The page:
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Concert Program Cover

Second Concert of the 66th Season

Holiday with the Americans

Sunday, December 5th, 2004
Cordier Auditorium
Suzanne Gindin, Conductor

  Overture to Der Freischütz Carl Maria von Weber  
  Concerto for Clarinet No. 1 in C minor, Op. 26 Ludwig Spohr  

I. Adagio - Allegro
II. Adagio
III. Rondo - Vivace

  Jennifer Woodrum, clarinet  
  Christmas Oratorio, Op. 12 Camille Saint-Saëns  

Recitative and Chorus -- "There were shepherds"
Chorus -- "Glory be unto God"
Solo -- "Patiently, patiently have I waited for the Lord"
Solo and Chorus -- "In my heart I believe"
Duet -- "Blessed, blessed is He who cometh"
Chorus -- "Wherefore do the heathen clamor?"
Trio -- "My soul doth magnify"
Solo and Chorus -- "Alleluia, alleluia, alleluia"
Quintet and Chorus -- "Arise now, daughter of Zion!"
Chorus -- "Praise ye the Lord of hosts"

  Debra Lynn, soprano
Elizabeth Geisewite '01, mezzo-soprano
Allison Hoover '06, mezzo-soprano
Jeffrey Ballard, tenor
John Thompson, baritone

Program Notes by James R. C. Adams

  Overture to Der Freischütz (The Freeshooter) Carl Maria von Weber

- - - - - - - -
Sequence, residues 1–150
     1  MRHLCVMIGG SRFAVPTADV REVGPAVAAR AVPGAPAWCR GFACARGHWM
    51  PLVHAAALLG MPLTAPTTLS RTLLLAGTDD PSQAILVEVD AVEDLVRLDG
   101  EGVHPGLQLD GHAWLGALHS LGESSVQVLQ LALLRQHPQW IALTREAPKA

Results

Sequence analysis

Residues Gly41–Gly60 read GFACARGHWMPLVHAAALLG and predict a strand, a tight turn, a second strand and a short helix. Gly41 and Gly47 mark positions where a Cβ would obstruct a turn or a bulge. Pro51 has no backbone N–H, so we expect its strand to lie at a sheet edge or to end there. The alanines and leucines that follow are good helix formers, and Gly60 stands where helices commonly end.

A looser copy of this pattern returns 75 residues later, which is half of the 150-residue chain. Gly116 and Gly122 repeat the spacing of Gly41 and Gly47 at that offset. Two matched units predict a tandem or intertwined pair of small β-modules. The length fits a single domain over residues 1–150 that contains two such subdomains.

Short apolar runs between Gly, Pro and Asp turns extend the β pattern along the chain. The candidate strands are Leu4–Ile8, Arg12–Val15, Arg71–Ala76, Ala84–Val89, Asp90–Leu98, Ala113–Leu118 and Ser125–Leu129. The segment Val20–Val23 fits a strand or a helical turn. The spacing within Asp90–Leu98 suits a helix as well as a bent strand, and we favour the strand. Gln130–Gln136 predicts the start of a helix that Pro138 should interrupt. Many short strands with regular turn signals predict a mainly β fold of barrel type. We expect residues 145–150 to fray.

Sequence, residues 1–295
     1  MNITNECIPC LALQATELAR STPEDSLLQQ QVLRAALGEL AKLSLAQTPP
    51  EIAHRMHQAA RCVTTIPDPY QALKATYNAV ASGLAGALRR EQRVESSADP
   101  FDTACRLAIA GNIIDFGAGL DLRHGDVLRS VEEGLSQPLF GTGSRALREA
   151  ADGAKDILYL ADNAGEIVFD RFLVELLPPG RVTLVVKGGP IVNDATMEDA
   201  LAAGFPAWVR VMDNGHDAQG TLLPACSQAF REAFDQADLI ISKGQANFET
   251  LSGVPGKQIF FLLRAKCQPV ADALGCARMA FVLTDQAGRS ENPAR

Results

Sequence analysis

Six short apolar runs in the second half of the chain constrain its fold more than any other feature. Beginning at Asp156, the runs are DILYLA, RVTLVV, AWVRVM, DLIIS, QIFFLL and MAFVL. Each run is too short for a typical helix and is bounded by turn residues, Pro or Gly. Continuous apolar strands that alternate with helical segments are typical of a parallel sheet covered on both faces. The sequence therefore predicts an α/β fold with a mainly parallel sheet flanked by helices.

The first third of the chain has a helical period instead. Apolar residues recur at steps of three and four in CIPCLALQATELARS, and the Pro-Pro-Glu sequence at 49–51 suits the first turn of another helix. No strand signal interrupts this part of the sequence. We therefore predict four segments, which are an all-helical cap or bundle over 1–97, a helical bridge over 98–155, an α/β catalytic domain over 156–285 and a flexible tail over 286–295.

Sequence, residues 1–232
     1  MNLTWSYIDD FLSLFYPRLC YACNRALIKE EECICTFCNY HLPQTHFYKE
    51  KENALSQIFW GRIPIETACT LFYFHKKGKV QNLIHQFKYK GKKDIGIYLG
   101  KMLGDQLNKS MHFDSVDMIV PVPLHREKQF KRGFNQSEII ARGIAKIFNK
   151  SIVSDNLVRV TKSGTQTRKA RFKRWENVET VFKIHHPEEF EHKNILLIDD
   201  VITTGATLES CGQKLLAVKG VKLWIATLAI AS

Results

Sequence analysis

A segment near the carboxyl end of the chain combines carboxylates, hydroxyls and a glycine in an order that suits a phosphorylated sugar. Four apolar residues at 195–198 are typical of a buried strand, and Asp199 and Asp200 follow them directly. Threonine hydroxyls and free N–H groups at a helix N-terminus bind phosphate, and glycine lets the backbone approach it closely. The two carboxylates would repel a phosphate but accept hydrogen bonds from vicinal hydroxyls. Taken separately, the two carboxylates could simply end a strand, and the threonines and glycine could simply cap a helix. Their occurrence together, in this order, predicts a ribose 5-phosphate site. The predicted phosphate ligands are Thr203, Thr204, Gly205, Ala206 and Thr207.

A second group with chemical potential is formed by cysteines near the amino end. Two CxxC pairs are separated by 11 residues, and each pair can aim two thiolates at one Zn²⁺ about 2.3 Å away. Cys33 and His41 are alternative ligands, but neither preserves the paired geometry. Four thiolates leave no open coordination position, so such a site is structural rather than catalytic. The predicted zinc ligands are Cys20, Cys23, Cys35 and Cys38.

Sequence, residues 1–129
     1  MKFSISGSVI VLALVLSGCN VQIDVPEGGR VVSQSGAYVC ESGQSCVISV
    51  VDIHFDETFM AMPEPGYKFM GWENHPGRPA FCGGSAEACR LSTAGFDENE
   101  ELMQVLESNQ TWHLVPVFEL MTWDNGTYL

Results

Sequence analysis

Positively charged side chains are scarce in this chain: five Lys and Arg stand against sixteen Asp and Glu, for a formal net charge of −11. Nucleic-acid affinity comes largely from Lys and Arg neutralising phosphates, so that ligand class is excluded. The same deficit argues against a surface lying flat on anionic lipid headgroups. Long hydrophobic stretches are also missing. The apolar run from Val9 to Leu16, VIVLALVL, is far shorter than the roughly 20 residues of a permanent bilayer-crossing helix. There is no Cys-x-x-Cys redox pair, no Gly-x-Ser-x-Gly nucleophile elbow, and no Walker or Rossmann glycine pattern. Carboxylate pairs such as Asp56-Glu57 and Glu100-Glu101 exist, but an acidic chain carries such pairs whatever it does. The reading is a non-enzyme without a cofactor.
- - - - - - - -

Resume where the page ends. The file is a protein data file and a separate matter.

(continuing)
Weber was born near Lübeck, in north Germany. His family was artistic (his father was a traveling actor and manager, and his mother was an accomplished singer). Weber wrote a number of piano works, including two concertos, two symphonies, two clarinet concertos, and many songs. His fame, however, lies in his contributions to the opera; more specifically, to the German opera. Opera had always been the Italian art. Even Mozart's "Italian" operas were more popular than his German ones. German composers struggled with the development of a truly German operatic style. Ludwig Spohr urged composers to use German subjects, and to make the opera a more integrated complete artwork, what Wagner later referred to as a Gesamtkunstwerk. Wagner's adoption of that point of view, and his extreme use of the Leitmotiv can be traced back to Spohr with Carl Maria von Weber as the link.